Self-described stay-at-home mom Kate Swingle was the biggest celebrity at the recent SAP Ariba Live event after telling the story of her son who has autism to a spellbound audience who laughed and cried with her, and ultimately gave her a standing ovation.
I sat down with Swingle after her keynote to hear more about her family’s journey.
Easy Access to Life-Changing Scholarships
Swingle sends her young son to a private school thanks to Step Up For Students, a scholarship fund serving K-12 students with financial and special needs. Now developed to run on SAP Ariba, the marketplace will allow parents to seamlessly apply their awards to purchase tuition, education services, and other resources. While Swingle could front the funds for her son’s tuition and wait for reimbursement, many parents cannot, making the marketplace a direct conduit to a better life.
Swingle’s experience has changed her assumptions about technology. “The number one thing I’ve learned is how much value tech offers; more than I ever thought possible,” she said. “It’s not my world or background, and was intimidating until now. But I’ve found people in tech are parents just like me. I can’t tell you the number of people who’ve stopped me and said they could connect with my story.”
From #SAPAribaLive, Kate Swingle shared how much value technology can offer parents of special needs children
Small Things Have Huge Impact
Facing a devastating prognosis for her son Gregory, who is the oldest of her four children, Swingle said the family had to adjust expectations.
“I went from just wanting to be a mom to having this baby I knew was different,” she said. “Having a special needs child was a challenge for our marriage and other sons. We had to set new goals as we asked ourselves will our child talk, read or ever have a friend?”
Swingle is elated with her son’s progress, yet humbled by what he’s taught her family about relishing the simple things. “Gregory has gone from not being able to read, write or focus to being on the high honor role in fourth grade in all his subjects, which means he’s above 90 percent in all proficiencies, she said. “Four friends showing up at his birthday party made his week. He constantly reminds us that it’s the small things that life is about.”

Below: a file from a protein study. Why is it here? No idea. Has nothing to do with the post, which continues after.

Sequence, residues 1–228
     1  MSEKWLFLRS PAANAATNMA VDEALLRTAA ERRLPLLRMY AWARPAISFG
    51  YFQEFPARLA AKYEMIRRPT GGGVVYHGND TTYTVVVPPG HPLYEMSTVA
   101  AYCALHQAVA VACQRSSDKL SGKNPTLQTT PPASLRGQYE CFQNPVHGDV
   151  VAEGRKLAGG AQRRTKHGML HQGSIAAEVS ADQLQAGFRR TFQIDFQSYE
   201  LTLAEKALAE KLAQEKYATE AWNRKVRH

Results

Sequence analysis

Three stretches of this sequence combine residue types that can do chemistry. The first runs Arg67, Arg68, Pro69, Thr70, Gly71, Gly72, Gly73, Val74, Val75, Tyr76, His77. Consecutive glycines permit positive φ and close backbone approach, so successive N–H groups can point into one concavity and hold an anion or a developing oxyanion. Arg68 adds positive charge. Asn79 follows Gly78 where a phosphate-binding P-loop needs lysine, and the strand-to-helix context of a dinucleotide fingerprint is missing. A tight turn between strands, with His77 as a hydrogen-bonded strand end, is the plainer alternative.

She’s concluded that having a better life isn’t necessarily about big ideas, but rather the cascading impact of small ones. “You are changing lives in ways you don’t even know. It’s already touching thousands of Floridians, and I’m representing those parents. This is a small idea that could grow exponentially,” said Swingle.
The Step Up For Students marketplace on SAP Ariba will initially serve approximately 10,000 Gardiner Scholarship students in Florida who use education savings accounts. It’s slated to go live later this year. Swingle praised it as a boon for some parents who lacked basic reading and writing skills, allowing them to quickly navigate complex documentation requirements.
“SAP Ariba is thinking outside the box in applying its technology made for corporations to help a child who has autism. I can’t believe people like me are even on their radar,” she said. “Our lives as parents are so complicated, and this frees me up to spend more time with Gregory and my other sons.”
Imagine Diversity Differently
Before we wrapped up our conversation, Swingle wanted to make sure people understood that neurodiversity is another important aspect of diversity. She’s upbeat about her son’s future, foreseeing college and a rewarding career – provided employers have an open mind.
“My son is brilliant and could bring so many new ideas to a workplace, but couldn’t get 10 seconds into a job interview without being kicked out of the room because of his lack of social skills,” she said. “My hope is other companies like SAP will have more autism at work programs. People with autism think on a different plane. It’s almost a different sense that neurotypical people don’t have. I see the outcomes as he picks up on things I don’t even see. Imagine what an employee he will be.”
As for Gregory, he’s looking forward to fifth grade, and enthusiastically exploring basketball. Game on!
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